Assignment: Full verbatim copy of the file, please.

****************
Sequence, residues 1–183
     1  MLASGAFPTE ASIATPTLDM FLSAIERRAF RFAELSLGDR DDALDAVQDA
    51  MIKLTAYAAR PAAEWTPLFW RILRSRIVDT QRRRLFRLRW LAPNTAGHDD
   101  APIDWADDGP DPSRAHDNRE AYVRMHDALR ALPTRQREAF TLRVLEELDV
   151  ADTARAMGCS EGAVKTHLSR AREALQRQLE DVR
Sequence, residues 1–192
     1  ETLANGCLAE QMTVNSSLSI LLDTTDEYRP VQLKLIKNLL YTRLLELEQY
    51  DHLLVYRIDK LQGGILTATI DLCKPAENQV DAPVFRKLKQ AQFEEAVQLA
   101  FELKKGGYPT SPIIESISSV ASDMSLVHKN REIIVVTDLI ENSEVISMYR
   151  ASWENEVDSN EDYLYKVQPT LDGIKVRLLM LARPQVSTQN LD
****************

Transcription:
Sequence, residues 1–183
     1  MLASGAFPTE ASIATPTLDM FLSAIERRAF RFAELSLGDR DDALDAVQDA
    51  MIKLTAYAAR PAAEWTPLFW RILRSRIVDT QRRRLFRLRW LAPNTAGHDD
   101  APIDWADDGP DPSRAHDNRE AYVRMHDALR ALPTRQREAF TLRVLEELDV
   151  ADTARAMGCS EGAVKTHLSR AREALQRQLE DVR
Sequence, residues 1–192
     1  ETLANGCLAE QMTVNSSLSI LLDTTDEYRP VQLKLIKNLL YTRLLELEQY
    51  DHLLVYRIDK LQGGILTATI DLCKPAENQV DAPVFRKLKQ AQFEEAVQLA
   101  FELKKGGYPT SPIIESISSV ASDMSLVHKN REIIVVTDLI ENSEVISMYR
   151  ASWENEVDSN EDYLYKVQPT LDGIKVRLLM LARPQVSTQN LD